Standing Up to Bullies
Schools seek answers to practice that harms victims, abusers alike
WEDNESDAY, March 24, 2004 (HealthDayNews) -- The ancient art of bullying is alive and well in the 21st century.
And the toll -- physical and emotional -- is incalculable.
"Bullying is very prevalent in U.S. schools and is often invisible," says Dr. Robert Bidwell, an associate professor of pediatrics at the University of Hawaii School of Medicine. "We didn't know that until a couple of years ago."
Recent surveys bear Bidwell out.
Almost one in four young U.S. teens -- out of a survey sample of almost 2,000 children -- were identified as either a bully or a victim in a study published last year in the journal Pediatrics.
Another study, in the Journal of the American Medical Association, surveyed more than 15,000 sixth to 10th graders and found almost a third said they'd been involved in "moderate or frequent" bullying.
There's also anecdotal evidence to suggest the phenomenon is increasing and perhaps getting more violent.
"There's a kind of general consensus that the severity of the acts might be getting worse, which is what's getting the attention," says Susan Swearer, an associate professor of school psychology at the University of Nebraska-Lincoln, and co-editor of Bullying in American Schools.
"There have also been a number of incidences of kids that have been bullied and other kids watching and not doing anything about it," she says.
Adds Ellen deLara, an assistant professor of social work at Syracuse University: "Teachers who have worked in schools for 20 or 30 years used to have to worry about gum. Now they have to worry about being injured themselves."
Some heartbreaking recent examples include Daniel Scruggs, a 12-year-old from Meriden, Conn., who hanged himself in his bedroom closet in 2002. He'd been picked on so badly at school that he had missed 44 days of class that year.
And in 1999, a 14-year-old boy from Anchorage, Alaska, tried to kill himself because he'd been the victim of relentless harassment. Now 19, he remains physically and mentally handicapped.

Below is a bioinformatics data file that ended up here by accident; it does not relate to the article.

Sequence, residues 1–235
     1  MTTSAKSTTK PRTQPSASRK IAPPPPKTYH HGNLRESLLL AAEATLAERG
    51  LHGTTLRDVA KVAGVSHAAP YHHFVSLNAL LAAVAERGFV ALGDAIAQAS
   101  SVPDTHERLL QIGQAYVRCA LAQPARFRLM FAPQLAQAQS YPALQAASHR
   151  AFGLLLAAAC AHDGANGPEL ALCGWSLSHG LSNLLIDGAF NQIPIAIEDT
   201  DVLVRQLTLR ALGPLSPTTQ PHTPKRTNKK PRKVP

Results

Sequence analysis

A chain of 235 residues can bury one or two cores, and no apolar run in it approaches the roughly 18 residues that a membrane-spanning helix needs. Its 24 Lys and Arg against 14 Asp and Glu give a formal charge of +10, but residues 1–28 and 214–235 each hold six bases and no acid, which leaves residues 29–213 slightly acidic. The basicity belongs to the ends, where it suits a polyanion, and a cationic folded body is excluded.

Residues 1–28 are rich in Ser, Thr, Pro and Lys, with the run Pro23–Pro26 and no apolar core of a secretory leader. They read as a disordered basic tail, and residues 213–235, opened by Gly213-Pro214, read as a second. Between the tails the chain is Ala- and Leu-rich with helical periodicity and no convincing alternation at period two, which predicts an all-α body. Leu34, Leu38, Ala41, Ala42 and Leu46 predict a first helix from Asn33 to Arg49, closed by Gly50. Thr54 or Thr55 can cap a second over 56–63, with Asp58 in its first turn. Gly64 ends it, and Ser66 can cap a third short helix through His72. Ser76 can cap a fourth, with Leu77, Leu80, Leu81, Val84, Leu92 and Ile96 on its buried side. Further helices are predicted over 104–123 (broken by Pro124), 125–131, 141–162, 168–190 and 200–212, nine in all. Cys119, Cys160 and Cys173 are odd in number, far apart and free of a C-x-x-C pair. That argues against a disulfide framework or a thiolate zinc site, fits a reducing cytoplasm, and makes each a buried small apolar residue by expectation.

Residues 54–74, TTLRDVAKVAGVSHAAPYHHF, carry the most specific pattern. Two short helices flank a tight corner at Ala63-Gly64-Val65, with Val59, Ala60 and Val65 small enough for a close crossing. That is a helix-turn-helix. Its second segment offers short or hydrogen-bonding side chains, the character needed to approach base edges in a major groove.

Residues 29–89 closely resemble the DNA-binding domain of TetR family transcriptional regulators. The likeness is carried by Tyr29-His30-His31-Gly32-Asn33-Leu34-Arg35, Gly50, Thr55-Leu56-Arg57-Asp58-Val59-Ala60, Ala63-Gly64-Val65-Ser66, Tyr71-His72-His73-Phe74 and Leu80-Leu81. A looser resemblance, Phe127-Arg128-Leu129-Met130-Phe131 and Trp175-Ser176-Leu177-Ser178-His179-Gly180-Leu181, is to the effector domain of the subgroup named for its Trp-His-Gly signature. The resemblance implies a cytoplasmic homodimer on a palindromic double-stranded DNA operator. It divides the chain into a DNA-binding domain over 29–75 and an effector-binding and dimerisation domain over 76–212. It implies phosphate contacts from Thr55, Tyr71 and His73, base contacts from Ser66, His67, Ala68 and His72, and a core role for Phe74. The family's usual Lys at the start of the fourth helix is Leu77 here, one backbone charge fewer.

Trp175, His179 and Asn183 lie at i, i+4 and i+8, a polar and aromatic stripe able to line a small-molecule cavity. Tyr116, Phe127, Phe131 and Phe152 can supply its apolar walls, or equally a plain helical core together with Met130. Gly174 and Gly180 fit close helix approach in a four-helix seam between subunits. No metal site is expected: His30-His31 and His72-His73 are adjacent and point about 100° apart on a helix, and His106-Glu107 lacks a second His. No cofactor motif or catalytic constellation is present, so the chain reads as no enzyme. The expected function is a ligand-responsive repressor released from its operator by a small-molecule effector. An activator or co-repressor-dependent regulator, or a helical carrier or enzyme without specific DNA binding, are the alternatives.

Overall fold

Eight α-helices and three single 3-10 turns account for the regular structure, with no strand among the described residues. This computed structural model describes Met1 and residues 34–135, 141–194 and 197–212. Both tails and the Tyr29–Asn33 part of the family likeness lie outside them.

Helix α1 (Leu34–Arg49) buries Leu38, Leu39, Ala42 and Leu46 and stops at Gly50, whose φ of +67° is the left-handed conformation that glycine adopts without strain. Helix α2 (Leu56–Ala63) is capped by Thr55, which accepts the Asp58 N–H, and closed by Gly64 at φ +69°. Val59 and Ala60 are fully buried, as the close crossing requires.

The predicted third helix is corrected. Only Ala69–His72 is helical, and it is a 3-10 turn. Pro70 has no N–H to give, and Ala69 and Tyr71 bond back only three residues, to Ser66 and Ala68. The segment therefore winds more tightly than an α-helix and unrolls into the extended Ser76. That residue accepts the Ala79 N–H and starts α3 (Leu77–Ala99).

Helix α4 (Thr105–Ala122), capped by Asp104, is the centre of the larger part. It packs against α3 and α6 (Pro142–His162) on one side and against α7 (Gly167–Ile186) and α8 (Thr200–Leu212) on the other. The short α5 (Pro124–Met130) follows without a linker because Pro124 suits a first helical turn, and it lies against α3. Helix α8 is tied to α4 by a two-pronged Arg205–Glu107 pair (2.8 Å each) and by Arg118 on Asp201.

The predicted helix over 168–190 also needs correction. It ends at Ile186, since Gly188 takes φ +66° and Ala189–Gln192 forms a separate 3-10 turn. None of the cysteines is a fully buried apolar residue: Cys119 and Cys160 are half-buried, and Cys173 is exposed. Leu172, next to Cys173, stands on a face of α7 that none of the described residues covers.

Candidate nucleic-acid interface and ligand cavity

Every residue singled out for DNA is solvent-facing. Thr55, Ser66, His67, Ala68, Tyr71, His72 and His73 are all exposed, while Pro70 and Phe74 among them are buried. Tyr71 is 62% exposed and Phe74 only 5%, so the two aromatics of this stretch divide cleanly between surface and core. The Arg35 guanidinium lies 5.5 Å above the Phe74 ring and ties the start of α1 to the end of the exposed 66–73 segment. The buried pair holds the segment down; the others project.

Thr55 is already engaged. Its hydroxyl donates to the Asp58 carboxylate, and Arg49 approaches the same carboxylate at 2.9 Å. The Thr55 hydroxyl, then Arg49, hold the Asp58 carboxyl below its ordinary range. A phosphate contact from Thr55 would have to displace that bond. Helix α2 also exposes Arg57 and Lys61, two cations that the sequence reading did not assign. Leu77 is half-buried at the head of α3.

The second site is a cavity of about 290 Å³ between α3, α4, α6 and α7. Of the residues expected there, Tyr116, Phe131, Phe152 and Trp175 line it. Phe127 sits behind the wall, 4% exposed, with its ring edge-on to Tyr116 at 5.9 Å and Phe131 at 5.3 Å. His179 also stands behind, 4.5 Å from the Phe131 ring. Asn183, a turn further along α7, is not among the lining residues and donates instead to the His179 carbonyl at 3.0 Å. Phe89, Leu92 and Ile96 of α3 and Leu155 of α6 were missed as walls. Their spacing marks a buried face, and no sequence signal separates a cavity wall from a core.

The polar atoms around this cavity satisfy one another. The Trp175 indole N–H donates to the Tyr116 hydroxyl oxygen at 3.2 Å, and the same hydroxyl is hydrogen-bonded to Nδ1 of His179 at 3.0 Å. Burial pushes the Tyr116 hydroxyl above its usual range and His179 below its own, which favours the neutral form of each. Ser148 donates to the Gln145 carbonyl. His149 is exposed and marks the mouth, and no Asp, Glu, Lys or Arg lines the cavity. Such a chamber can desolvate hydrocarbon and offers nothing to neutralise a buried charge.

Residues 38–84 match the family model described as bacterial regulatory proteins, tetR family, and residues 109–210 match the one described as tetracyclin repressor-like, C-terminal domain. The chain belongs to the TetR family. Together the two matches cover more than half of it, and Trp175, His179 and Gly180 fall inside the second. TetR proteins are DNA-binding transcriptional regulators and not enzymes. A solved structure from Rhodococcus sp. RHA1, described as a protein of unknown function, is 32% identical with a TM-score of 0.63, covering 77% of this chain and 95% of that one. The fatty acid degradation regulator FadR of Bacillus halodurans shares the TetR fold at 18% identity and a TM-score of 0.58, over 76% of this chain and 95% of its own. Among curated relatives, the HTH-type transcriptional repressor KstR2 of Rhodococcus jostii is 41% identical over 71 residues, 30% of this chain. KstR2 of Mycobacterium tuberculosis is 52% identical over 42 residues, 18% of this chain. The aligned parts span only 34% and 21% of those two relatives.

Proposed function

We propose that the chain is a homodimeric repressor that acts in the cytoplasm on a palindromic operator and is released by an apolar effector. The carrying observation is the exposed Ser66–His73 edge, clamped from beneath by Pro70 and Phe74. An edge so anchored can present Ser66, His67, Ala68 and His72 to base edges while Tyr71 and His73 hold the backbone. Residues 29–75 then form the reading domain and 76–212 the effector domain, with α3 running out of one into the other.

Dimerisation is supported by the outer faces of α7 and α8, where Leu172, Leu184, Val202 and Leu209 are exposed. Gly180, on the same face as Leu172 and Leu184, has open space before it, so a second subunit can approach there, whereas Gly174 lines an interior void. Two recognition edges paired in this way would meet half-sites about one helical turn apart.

Researchers have long known that bullying can have devastating -- even fatal -- consequences for victims. But abusers don't escape unscathed. Both bullies and their targets have higher rates of depression and suicide, experts say.
"Kids who are targets have poor psychosocial functioning, higher levels of depression, anxiety, poorer self esteem and they miss a lot of school because they're afraid to go to school," Swearer says. "There are some pretty significant psychological consequences all the way to suicide."
They can also suffer from headaches, stomach aches and even infectious problems such as colds, studies have found.
What's less well known is that bullies can have higher rates of depression and suicide. They're also more likely to engage in substance abuse, and are four times more likely to be convicted of a crime by the time they reach their 20s, Swearer says.
Efforts to curb bullying have often been unsuccessful. Part of the problem is that, despite all the headlines, most schools don't have effective policies or programs to address bullying, Bidwell says.
What's more, not everyone agrees on what bullying is, and, therefore, how to address it.
Adults and children will often define the term differently, says deLara, co-author of And Words Can Hurt Forever: How to Protect Adolescents from Bullying, Harassment and Emotional Violence.
Traditionally, she notes, society has thought of a bully as someone who is older or somehow more powerful than the victim, and of bullying as something that is chronic.
"Kids don't hold with that particular definition," deLara says. "For them, it doesn't have to be a chronic event."
Even one disturbing episode in a school hallway can qualify if it causes the victim to avoid the bully and feel anxious all the time, she says.
Bullying can also encompass a broad range of unacceptable behaviors, including physical violence, verbal abuse, sexual harassment and hazing.
Coming to grips with a definition is the first step to dealing effectively with the problem.
"If we're going to figure out how to come up with interventions that actually work, we need to be asking kids what they see as bullying and what they consider to be harassment," deLara says.
While many anti-bullying programs focus on interpersonal and peer relationships, a new school of thought embraces a so-called "systemic approach."
"I try to look at a school as a system. How might the school inadvertently be enabling a hostile environment?" deLara says. This approach shifts the focus from the students to the adults who might somehow be inadvertently supporting an environment conducive to bullying.
Anti-bullying efforts also need to be long-term. "Systemic interventions will work as long as everybody in the school stays committed. It's not a one-time shot," says deLara. A "caring community approach" should involve talking to kids about respectful behavior before bullying occurs, and also holding discussions with teachers and administrators.
"There's an assessment that happens on an ongoing basis. What you see when schools implement that is that the attendance rate goes up, the drop-out rate goes down because kids feel cared about in the schools and feel that adults are not being hypocritical," deLara says. "If you really want a true change in a school, it has to involve the entire school, all of the adults, from bus drivers, cafeteria workers, teachers, administrators and kids."
Adds Swearer: "Children need to be able to report problems about bullying with the knowledge that something's going to get done about it."